With more than 21,000 students, we’ve seen growth in first-year, transfer, online, first-generation, rural and underrepresented students. And we also welcomed more than 360 students on our Hickory campus.
While social media discussions would have us believe that the student population has exploded in recent years, the reality is that in the last 10 years, the population of students living in the Boone community has increased by only about 200 per year on average and has remained at or near 18,000 for the last three years.
Nearly one-third of our student population is from rural areas, and nearly one-third are first-generation college students. Those percentages increase significantly when looking at the student population on our Hickory campus.
Underrepresented students make up 19% of our overall student population — an increase of 77% since I arrived on campus in 2014. Of those students, 45% identify as Hispanic or Latine, and we’ve seen a 12% increase in this population over last year.
Serving these populations is particularly important to the health of our state, as myFutureNC’s latest educational attainment report shares that only about 1 in 2 of working North Carolinians ages 35 to 44 are earning a family-sustaining wage. And these statistics are exacerbated as we break them down by race, ethnicity and geography.
Importantly, we prioritize the success of our students:
- from the faculty who work with them in the classroom, to the advisors who help them plan and meet their academic goals;
- from the librarians who focus on ensuring they can access learning resources, to the counselors who focus on their wellness;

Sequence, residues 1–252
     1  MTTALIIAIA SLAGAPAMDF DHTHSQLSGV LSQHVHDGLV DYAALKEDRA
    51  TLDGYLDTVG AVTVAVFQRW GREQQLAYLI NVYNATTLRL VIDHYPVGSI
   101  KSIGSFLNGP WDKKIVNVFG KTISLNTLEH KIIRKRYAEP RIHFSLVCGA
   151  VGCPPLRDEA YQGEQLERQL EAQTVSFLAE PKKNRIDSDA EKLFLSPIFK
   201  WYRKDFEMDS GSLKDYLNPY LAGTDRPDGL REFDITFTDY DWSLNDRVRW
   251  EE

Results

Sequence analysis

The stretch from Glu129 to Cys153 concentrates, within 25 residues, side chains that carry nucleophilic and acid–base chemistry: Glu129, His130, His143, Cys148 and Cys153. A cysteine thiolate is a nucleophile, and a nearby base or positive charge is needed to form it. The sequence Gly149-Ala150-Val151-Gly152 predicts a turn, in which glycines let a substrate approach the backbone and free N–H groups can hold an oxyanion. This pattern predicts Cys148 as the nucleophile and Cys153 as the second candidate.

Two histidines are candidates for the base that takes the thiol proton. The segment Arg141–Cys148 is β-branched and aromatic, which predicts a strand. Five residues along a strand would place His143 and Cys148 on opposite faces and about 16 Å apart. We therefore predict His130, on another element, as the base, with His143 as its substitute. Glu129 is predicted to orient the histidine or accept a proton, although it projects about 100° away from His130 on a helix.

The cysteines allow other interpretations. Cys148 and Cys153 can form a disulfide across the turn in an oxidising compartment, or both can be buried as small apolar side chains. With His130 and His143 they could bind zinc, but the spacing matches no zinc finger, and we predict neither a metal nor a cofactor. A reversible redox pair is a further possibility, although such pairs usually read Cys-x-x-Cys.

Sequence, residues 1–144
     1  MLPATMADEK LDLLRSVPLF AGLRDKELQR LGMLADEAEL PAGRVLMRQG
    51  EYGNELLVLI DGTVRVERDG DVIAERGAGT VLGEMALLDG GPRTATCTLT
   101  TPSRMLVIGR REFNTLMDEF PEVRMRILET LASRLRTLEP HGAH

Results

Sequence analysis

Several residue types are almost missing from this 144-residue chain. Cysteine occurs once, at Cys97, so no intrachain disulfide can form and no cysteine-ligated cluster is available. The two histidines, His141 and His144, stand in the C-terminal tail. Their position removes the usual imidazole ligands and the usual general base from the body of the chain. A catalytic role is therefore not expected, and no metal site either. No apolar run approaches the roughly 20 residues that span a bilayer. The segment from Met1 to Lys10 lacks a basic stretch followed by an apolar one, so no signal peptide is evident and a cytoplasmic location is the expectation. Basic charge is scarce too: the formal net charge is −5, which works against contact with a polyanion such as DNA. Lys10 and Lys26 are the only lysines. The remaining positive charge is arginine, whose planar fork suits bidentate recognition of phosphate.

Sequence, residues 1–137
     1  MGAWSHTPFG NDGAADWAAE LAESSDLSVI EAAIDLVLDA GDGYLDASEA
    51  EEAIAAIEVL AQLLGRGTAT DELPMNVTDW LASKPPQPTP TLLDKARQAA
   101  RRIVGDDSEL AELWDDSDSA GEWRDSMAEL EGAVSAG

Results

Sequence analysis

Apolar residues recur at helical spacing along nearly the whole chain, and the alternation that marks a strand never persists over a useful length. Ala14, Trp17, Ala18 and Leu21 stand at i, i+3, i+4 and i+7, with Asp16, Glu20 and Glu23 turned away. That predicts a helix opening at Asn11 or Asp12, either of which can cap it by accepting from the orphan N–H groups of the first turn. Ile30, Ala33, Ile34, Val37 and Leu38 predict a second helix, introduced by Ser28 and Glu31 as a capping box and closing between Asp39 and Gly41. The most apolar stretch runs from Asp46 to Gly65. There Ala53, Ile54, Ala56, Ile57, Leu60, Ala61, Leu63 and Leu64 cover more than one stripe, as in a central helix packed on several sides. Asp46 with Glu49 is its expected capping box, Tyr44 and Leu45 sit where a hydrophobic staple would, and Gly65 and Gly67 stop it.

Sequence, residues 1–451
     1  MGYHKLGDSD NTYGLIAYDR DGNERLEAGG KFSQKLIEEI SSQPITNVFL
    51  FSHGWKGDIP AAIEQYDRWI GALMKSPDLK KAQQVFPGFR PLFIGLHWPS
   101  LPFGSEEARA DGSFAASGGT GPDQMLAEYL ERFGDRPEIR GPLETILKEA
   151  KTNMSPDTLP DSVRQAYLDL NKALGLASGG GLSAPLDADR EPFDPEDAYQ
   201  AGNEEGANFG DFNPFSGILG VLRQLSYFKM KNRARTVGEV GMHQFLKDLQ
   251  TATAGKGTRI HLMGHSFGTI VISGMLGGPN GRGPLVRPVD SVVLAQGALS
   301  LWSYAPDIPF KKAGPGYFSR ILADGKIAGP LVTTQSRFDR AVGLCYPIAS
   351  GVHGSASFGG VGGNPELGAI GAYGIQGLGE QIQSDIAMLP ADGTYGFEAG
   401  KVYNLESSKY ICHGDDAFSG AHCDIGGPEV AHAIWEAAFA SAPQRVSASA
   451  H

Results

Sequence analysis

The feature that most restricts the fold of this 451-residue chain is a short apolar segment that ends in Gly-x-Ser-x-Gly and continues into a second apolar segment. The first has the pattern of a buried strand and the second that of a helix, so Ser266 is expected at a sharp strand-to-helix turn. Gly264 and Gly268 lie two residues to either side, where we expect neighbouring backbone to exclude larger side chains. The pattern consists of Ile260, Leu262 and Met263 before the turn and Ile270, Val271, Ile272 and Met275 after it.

- from the technologists who prioritize a seamless learning environment, to the allergy specialists in Campus Dining who ensure high-quality food is available for everyone; and
- from the faculty who serve as club advisors, to the police who believe that safety begins with community-building.
These are just a few examples of the thousands of faculty and staff who work at App State because they believe passionately in advancing the achievements of our students, and the numbers show that your efforts are working.
Our graduation rates and first- to second-year retention rates are well above the national averages. This is particularly significant given that one-third of our students are first-generation college students. And it is ultimately about completion — graduation of our students, in particular, in four years.
Adults with degrees and credentials earn more over their lifetimes and contribute more to our local economies across the state. Each year, more than 5,500 students attain App State degrees. The good news for our state is that most of them stay in the state, contributing to the economies and communities of North Carolina.
Well over 100,000 App State graduates live and work in North Carolina, contributing to our growing economy and returning on the investment made in them by the people of our state. Employers tell us that our graduates have a competitive edge in the job market because they bring solid, discipline-specific knowledge, combined with a strong work ethic, problem-solving skills and a penchant for innovation.
The success of our students and graduates is also important for our future funding. North Carolina funds its public universities at a rate that beats nearly every other state in the union, and with this funding comes accountability.